The Michigan Supreme Court granted the Attorney General’s Application for Leave to Appeal in Michigan Attorney General v. Blue Cross Blue Shield of Michigan to consider two issues: Whether BCBSM could use its own funds to subsidize the Accident Fund, a corporation formed by BCBSM as a “wholly-owned, for-profit stock insurance subsidiary” and whether BCBSM ran afoul of its legislative authority when the Accident Fund thereafter purchased three private, for-profit insurance companies.
Also at issue in the Court of Appeals was whether the insurance commissioner’s interpretation of the statute in favor of BCBSM was entitled to deference. The Court of Appeals opinion engages in a lengthy discussion of the doctrine of primary jurisdiction, which, in some cases, divests a court of subject-matter jurisdiction over certain aspects of issues that should properly be decided by the administrative agency with the expertise to address them. The opinion cites and quotes from Travelers Ins v. Detroit Edison, a Michigan Supreme Court opinion that I worked on when I was a clerk at the Supreme Court for Justice Markman.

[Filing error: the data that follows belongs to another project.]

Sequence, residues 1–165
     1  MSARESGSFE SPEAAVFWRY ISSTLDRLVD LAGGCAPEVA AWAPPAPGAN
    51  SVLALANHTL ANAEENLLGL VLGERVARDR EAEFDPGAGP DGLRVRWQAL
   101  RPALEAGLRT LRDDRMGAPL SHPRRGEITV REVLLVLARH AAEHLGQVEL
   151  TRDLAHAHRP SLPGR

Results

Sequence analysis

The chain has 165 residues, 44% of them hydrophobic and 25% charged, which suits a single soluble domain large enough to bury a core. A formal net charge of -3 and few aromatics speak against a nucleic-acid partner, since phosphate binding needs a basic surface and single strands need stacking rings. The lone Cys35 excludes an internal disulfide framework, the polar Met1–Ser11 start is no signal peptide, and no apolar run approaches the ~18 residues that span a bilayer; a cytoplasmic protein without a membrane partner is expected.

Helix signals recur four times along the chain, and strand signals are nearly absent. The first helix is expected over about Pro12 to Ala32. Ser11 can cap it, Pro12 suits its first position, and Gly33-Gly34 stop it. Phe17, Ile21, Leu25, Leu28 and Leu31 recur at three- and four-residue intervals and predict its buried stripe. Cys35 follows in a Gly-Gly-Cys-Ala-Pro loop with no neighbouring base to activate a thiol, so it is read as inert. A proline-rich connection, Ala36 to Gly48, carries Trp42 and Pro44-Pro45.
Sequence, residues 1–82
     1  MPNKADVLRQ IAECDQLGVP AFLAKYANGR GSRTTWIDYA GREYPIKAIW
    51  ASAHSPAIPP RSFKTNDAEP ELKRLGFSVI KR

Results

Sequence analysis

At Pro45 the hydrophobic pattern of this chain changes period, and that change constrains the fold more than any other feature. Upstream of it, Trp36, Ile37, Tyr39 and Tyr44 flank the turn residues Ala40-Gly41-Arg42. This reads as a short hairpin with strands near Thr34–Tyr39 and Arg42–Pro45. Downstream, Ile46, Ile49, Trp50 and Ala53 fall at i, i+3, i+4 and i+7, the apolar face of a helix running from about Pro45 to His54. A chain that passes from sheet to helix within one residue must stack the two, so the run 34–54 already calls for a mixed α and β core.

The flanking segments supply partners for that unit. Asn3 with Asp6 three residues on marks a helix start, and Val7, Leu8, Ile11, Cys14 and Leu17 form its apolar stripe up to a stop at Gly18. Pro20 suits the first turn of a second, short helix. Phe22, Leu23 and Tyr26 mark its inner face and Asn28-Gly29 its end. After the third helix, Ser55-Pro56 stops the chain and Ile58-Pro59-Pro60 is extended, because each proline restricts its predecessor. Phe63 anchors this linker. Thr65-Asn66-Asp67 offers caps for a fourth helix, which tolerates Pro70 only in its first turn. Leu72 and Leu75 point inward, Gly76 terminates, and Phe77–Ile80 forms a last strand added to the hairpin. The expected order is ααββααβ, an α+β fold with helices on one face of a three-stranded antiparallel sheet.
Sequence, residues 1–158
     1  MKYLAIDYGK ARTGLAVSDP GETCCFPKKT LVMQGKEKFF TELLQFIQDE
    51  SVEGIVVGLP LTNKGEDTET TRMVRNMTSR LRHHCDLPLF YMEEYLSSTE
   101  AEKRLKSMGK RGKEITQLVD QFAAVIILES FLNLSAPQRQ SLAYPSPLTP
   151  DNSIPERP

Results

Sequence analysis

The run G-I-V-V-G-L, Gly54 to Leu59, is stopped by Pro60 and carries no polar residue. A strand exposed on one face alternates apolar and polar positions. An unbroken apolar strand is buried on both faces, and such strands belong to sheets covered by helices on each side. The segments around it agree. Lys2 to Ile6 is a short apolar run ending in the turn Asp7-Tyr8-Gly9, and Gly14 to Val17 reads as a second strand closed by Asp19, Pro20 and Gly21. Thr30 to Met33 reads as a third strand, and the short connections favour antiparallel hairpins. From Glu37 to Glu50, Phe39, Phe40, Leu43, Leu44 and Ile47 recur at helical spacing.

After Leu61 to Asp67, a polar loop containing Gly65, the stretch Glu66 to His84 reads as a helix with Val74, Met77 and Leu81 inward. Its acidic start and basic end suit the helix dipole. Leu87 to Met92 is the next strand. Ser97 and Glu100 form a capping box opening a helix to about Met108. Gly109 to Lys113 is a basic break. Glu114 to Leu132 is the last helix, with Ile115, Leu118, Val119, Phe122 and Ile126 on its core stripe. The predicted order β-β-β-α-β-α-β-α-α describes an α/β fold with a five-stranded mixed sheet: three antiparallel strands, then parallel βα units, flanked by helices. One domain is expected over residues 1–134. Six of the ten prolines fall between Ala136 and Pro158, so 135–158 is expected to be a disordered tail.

While the Court of Appeals concluded that the trial court improperly referred to the insurance commissioner to decide the issue, the Court of Appeals nonetheless concludes that BCBSM did not improperly transfer funds to the Accident Fund and therefore the Accident Fund did not run afoul of statutory authority in purchasing the private insurance companies. A partial concurrence and dissent by Judge Bandstra disagreed with the majority and opined that the $125 million capital contribution to the Accident Fund ran afoul of the statutory authority and that there was no need to remand to the trial court for it to reconsider the issue. This case will likely have significant implications for BCBSM and will perhaps shed some light on the insurance commissioner’s authority to regulate it.